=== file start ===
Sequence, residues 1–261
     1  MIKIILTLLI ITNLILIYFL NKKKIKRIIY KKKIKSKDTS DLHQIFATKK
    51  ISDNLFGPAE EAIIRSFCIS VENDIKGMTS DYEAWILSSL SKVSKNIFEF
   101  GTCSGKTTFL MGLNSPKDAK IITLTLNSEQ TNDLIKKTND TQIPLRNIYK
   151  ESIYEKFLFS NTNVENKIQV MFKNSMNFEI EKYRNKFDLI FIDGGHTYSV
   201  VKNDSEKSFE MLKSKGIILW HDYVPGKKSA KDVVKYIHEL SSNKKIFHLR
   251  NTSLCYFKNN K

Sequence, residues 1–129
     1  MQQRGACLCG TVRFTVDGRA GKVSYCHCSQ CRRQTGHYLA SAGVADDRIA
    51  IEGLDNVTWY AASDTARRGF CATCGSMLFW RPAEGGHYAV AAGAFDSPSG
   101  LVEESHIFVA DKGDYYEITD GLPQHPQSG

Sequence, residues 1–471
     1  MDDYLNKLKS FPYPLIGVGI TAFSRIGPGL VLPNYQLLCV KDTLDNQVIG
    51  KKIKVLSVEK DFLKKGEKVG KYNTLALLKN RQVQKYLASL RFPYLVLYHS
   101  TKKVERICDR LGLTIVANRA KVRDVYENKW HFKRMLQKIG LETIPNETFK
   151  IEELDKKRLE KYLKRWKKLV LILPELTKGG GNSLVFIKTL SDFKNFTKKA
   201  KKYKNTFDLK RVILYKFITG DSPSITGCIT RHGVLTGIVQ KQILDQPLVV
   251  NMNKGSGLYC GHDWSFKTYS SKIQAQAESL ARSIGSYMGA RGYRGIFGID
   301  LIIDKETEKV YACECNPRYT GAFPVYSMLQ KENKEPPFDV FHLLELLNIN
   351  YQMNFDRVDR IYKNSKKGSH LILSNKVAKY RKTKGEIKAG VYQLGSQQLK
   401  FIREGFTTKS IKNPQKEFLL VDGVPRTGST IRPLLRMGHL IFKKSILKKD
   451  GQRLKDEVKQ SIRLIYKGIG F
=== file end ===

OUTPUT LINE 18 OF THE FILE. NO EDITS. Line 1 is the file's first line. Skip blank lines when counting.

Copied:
   251  NMNKGSGLYC GHDWSFKTYS SKIQAQAESL ARSIGSYMGA RGYRGIFGID